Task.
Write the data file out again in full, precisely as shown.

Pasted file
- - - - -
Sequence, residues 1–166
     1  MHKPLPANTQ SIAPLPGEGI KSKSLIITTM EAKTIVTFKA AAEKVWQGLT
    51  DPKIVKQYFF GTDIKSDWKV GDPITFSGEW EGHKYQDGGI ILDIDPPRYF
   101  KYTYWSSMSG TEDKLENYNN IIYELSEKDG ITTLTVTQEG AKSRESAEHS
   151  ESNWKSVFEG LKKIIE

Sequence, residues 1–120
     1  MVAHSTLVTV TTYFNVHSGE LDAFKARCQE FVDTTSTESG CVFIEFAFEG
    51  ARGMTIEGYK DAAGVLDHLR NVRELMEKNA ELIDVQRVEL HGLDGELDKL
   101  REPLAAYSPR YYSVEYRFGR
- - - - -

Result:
Sequence, residues 1–166
     1  MHKPLPANTQ SIAPLPGEGI KSKSLIITTM EAKTIVTFKA AAEKVWQGLT
    51  DPKIVKQYFF GTDIKSDWKV GDPITFSGEW EGHKYQDGGI ILDIDPPRYF
   101  KYTYWSSMSG TEDKLENYNN IIYELSEKDG ITTLTVTQEG AKSRESAEHS
   151  ESNWKSVFEG LKKIIE

Sequence, residues 1–120
     1  MVAHSTLVTV TTYFNVHSGE LDAFKARCQE FVDTTSTESG CVFIEFAFEG
    51  ARGMTIEGYK DAAGVLDHLR NVRELMEKNA ELIDVQRVEL HGLDGELDKL
   101  REPLAAYSPR YYSVEYRFGR